Recently, there has been a major breakthrough in the pathophysiology of spondyloarthropathies: a vast amount of clinical and experimental evidences supports a fundamental role of the IL-17/IL-23 axis in pathogenesis. A landmark study published in Nature Medicine a few years ago found that entheses actually have immune cells that express the receptor of IL-23.13 These cells are characterized as innate like lymphoid cells (ILC) and express RORgt and CD3, but not CD4 or CD8. In animal models, IL-23 overexpression using minicircle technology leads to a phenotype that resembles spondyloarthropathies. This animal model led to a new concept for SpA pathogenesis. IL-23 overexpression (presumably from the gut) leads to activation of ILCs in entheses which produce a great amount of cytokines such as IL-17 and IL-22; these cytokines seem to drive many manifestations of the disease (IL-17 is linked to systemic inflammation and IL-22 to new bone formation).14  

In humans, the main proof that the IL-17/IL-23 axis plays a central pathogenetic role comes from clinical studies showing significant clinical efficacy of IL-17 and IL-23 blockers in spondyloarthropathies.


This study aims to:

1)      Assess whether IL-23 is over expressed in patients with AS; and

2)      Assess whether there is a link between IL-23 (or the associated IL-17 and IL-22 cytokines) and developmental pathways such as the Wnt and the HH pathway.  


This study will have a clinical and a basic research part.

  • Clinical

We are planning to measure IL-23 serum levels in 150-200 patients with AS compared to 100 healthy subjects, age and gender matched.

In all patients, we will record demographics and clinical data such as disease activity score (BASDAI), radiological score (mSASSS) and medications.

This part of the study will address whether IL-23 levels are increased in patients with AS.

  • Basic research

We aim at assessing whether IL-23, IL-22 or IL-17 are able to activate the Wnt or the HH pathway in osteoblasts.

We will first use osteoblast-like Saos2 cells as a model, since these cells are easy to culture and already available at our laboratory. At a later time, we will perform the same experiments on a human osteoblastic cell line (NHost, Clonetics) and human osteoblasts extracted from patients with either OA or AS undergoing joint replacement surgery.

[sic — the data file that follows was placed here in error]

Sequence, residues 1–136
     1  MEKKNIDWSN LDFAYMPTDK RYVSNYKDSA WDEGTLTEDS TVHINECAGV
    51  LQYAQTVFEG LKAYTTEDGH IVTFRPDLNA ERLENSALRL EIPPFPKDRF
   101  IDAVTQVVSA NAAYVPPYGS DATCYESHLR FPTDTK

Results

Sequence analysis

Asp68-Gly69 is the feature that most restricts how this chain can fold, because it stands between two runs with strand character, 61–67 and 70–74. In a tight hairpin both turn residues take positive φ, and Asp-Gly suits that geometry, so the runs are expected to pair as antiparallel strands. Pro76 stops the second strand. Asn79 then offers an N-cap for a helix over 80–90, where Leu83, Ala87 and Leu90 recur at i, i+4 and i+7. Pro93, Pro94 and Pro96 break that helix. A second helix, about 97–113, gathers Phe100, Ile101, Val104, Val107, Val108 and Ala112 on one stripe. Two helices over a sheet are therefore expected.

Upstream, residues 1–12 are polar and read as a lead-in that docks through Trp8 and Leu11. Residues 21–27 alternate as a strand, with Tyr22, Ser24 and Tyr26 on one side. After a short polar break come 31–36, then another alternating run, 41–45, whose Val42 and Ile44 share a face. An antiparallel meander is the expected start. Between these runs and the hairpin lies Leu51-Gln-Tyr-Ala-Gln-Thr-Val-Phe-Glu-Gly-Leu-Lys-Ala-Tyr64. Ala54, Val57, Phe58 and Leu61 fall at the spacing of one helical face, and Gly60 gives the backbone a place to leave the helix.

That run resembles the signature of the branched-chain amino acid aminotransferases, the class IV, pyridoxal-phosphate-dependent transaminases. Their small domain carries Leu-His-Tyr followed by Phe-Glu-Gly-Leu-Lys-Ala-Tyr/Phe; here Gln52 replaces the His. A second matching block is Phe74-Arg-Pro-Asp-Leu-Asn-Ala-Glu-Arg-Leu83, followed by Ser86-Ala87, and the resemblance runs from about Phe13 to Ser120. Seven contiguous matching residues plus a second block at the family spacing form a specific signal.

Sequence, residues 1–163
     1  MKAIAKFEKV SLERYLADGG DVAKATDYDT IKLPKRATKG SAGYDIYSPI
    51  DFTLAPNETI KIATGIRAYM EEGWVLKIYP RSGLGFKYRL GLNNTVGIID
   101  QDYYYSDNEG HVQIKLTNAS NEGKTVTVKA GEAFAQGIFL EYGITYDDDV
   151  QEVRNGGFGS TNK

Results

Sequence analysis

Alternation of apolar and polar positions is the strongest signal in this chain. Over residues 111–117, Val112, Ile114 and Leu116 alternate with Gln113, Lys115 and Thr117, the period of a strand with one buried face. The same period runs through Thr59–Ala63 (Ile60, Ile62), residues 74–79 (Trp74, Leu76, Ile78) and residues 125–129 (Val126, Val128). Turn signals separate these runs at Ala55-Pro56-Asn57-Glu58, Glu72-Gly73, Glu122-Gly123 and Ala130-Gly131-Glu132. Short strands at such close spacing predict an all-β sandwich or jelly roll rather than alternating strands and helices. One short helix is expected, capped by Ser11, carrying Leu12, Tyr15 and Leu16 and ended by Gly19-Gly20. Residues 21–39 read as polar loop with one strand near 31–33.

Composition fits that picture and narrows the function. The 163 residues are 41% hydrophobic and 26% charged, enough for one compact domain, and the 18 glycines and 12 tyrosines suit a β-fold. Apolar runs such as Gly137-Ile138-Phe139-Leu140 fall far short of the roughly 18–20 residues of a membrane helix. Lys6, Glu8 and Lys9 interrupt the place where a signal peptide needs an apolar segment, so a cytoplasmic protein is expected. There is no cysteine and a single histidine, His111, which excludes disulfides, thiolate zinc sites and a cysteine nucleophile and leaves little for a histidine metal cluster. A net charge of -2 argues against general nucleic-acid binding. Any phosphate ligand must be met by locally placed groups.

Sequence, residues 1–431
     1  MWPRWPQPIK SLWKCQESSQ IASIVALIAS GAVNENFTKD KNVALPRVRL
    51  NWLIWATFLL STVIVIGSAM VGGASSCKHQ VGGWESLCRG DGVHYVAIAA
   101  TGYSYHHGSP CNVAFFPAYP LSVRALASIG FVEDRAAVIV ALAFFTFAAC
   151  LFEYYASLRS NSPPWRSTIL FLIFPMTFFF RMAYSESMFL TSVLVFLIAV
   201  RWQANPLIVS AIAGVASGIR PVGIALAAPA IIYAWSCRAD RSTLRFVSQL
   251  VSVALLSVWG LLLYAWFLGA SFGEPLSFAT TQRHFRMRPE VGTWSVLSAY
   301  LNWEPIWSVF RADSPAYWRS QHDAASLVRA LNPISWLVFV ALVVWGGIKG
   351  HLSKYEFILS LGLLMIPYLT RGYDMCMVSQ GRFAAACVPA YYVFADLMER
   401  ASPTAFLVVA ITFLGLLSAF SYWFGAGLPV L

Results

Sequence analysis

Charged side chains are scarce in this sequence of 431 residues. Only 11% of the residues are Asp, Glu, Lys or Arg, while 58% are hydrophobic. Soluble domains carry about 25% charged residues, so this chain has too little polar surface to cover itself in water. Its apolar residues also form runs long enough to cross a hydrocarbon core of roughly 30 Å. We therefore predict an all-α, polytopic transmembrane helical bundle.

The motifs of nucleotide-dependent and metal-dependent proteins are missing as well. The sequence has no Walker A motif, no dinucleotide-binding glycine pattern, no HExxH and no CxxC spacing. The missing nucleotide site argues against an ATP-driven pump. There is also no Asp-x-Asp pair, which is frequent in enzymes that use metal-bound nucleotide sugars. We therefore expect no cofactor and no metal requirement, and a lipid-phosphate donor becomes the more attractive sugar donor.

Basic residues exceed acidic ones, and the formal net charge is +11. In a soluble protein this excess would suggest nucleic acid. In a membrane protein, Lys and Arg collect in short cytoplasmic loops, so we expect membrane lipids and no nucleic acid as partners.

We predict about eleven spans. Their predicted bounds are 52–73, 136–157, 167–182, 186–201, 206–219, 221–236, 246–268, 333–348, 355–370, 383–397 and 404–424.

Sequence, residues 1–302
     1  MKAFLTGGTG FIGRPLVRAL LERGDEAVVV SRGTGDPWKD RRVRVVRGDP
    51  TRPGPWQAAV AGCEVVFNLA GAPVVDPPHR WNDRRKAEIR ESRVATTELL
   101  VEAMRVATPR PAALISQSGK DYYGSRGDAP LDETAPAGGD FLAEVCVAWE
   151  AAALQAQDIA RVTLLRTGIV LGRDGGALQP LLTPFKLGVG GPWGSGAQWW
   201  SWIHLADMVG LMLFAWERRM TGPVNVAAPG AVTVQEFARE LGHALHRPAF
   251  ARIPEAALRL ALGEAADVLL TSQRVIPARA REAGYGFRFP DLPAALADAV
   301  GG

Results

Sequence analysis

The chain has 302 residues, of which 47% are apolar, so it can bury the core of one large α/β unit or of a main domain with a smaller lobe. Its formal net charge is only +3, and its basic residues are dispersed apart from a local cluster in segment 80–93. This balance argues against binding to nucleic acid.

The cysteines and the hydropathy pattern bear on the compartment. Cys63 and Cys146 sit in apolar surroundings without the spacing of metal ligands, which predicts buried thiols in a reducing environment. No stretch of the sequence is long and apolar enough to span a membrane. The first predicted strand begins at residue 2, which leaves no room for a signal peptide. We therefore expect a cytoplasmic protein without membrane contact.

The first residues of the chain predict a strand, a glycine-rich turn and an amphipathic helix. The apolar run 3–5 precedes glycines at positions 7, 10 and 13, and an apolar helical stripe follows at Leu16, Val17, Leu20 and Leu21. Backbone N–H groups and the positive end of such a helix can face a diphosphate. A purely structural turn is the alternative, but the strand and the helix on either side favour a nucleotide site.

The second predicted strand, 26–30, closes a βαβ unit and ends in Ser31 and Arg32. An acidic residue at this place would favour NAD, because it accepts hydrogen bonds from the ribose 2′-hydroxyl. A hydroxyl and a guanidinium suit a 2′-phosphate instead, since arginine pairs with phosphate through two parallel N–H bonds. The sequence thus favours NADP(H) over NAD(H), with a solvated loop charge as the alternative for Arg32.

We will start by assessing whether Saos2 and human osteoblasts actually have receptors for IL-23, IL-22 and IL-17 by employing immunocytochemistry using the proper monoclonal antibodies.

The next step will be the assessment of Wnt and HH pathway activation in Saos2 cells following activation with IL-23, IL-22, IL-17, IL-6 and IL-1.

Unstimulated cells cultured under the same conditions will be used as controls.

We will perform time and dose response experiments for each cytokine.

Cells will be cultured on Petri dishes (10per dish) until they reach 80% confluence. Then, we will add each cytokine at a concentration and time according to relevant dose and time response experiments. Cells will be detached using a chemical method; half of them will be used for protein extraction (BioRad) and the rest for RNA extraction (Quiagen, RNeasy kit).

HH pathway activation will be assessed using RT-PCR. Specifically, we will assess the expression of 3 HH pathway target genes (PTCH1, GLI1 and GLI2).

Wnt pathway activation will be assessed by Western Blot. Specifically, we will assess the expression of active (unphosphorylated) β-catenin (clone 8E7, Millipore) by Western immunoblots.

Data analysis

With these experiments, we will assess whether IL-23/IL-17 are able to activate developmental pathways in osteoblastic cells by comparing results from the control group (unstimulated cells) or cells stimulated by cytokines not linked to the IL-23/IL-17 axis such as IL-6 or IL-1.


The main therapeutic targets in AS are to control inflammation, improve quality of life and inhibit radiographic progression/ankylosis. TNF blockers are effective in reducing pain and stiffness and improving overall quality of life. However, they do not seem to retard osteophyte formation. This study aims to explore whether IL-23 is indeed overexpressed in patients with AS, and if this cytokine is able to activate the key molecular pathways involved in new bone formation. If our data support an active role of IL-23/IL-17 in activating these molecular pathways, then clinical research will need to focus on the effect of newer biologics such as secukinumab or ustekinumab on radiographic progression in patients with AS.   


The authors declare no conflict of interest.